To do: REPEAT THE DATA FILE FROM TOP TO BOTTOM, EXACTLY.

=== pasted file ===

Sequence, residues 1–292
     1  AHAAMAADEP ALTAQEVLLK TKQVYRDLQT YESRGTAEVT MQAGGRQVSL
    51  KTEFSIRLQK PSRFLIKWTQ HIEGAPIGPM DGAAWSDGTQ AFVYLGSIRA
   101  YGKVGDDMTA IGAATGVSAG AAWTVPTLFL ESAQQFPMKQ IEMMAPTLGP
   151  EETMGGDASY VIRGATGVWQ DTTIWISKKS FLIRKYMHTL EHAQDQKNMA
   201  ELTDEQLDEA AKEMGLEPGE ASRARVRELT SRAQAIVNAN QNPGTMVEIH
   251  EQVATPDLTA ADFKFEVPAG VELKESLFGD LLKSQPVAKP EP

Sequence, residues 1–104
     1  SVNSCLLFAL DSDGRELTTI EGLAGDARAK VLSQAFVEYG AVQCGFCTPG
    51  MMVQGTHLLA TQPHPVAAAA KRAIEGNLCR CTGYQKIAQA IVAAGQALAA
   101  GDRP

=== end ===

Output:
Sequence, residues 1–292
     1  AHAAMAADEP ALTAQEVLLK TKQVYRDLQT YESRGTAEVT MQAGGRQVSL
    51  KTEFSIRLQK PSRFLIKWTQ HIEGAPIGPM DGAAWSDGTQ AFVYLGSIRA
   101  YGKVGDDMTA IGAATGVSAG AAWTVPTLFL ESAQQFPMKQ IEMMAPTLGP
   151  EETMGGDASY VIRGATGVWQ DTTIWISKKS FLIRKYMHTL EHAQDQKNMA
   201  ELTDEQLDEA AKEMGLEPGE ASRARVRELT SRAQAIVNAN QNPGTMVEIH
   251  EQVATPDLTA ADFKFEVPAG VELKESLFGD LLKSQPVAKP EP

Sequence, residues 1–104
     1  SVNSCLLFAL DSDGRELTTI EGLAGDARAK VLSQAFVEYG AVQCGFCTPG
    51  MMVQGTHLLA TQPHPVAAAA KRAIEGNLCR CTGYQKIAQA IVAAGQALAA
   101  GDRP